@Dan – As long as Wolff pulls through on his pledge to pay for the rest of the land, infrastructure, etc., it doesn’t matter one bit how any of it plays out. Option 1 is ideal for Oakland, 3 is disastrous.
So basically San Jose is beyond the point where this could impact it, but Oakland is praying 3 doesn’t happen and is pretty much dead in the water if 2 happens as well…
Also regarding the Bailey/Sweeney trade… what’s the over under on our attendance even breaking 1 million this year. Because at this point I believe we only have 8 2011 opening day starters left on the roster (and who knows if Beane is done). They’ve pretty much gutted the valuable parts from the team and replaced them with almost entirely with parts that won’t be ready until 2014-15. As much as this signals they’re planning for SJ (which is good), it also means that the last years in Oakland are just going to be pitiful.
I’m still waiting to see Kurt Suzuki get traded. I’m hoping there’s a stadium resolution by Feb because it is tough to see players traded.
If there isn’t a stadium resolution by Feb it’s going to be a very tough year for ALL A’s fans not just the Oakland only crowd. There isn’t much of a team left. They’ll be giving away tickets to this bunch of kids. I don’t even think they could beat the RiverCats at this point.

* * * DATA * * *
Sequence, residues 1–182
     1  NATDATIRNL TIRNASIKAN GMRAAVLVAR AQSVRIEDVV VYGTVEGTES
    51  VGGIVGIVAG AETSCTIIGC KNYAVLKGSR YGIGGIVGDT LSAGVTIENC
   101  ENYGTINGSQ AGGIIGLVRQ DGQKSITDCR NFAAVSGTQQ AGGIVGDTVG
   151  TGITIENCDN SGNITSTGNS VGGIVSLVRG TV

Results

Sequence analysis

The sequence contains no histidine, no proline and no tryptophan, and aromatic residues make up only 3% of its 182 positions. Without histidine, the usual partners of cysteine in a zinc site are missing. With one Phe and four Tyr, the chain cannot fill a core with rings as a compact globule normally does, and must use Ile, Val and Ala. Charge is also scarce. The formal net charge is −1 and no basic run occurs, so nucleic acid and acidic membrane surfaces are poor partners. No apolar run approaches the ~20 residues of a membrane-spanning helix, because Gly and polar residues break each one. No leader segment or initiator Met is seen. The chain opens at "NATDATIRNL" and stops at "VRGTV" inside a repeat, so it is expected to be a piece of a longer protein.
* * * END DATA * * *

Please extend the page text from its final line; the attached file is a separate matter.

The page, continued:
FWIW, Josh Reddick, the main piece in the Bailey trade, hit .280 with just a .318 BABIP. I imagine his LD% and power are actually quite valuable assets. We’ll see how he turns out
I like Reddick a lot better than Cowgill. I like them both a lot more than Ryan Sweeney. I don’t think the A’s traded anything away that isn’t mostly replaceable. The return on Gio Gonzales is awesome. I think next years team will surprise some folks, they might actually be about the same as this years.
I’m still waiting for Ricky Vaughn and Willie Mays Hayes to come back to Oakland in a deal.
And the Montrealization of Oakland baseball continues…
Montrealization? Montreal had much better players than we’ve got as their end approached.
Yeah, yeah, yeah crister, we’ve heard all that crap before, come back when you have something original to say. The A’s want a better ballpark, and have for 15 years, so get over yourself.
Reddick is a better hitter than Sweeney, and Bailey is the most replaceable man on the roster since the A’s have four or five alternate closers ready to go.
Many of us A’s fans have been whining about the need for power hitting, so boom boom, we just got some. Turn off the water works.
The ruling on this should be coming down any minute now.
Now the burden is on Wolff to pay for EVERYTHING. Lets see it. This would be an historical first for MLB.
Wow they went with Option 3. Redevelopment is completely dead. And with it any hope Oakland had left of ever building a ballpark.
Here’s the link. AB 26 was upheld, 27 was struck down.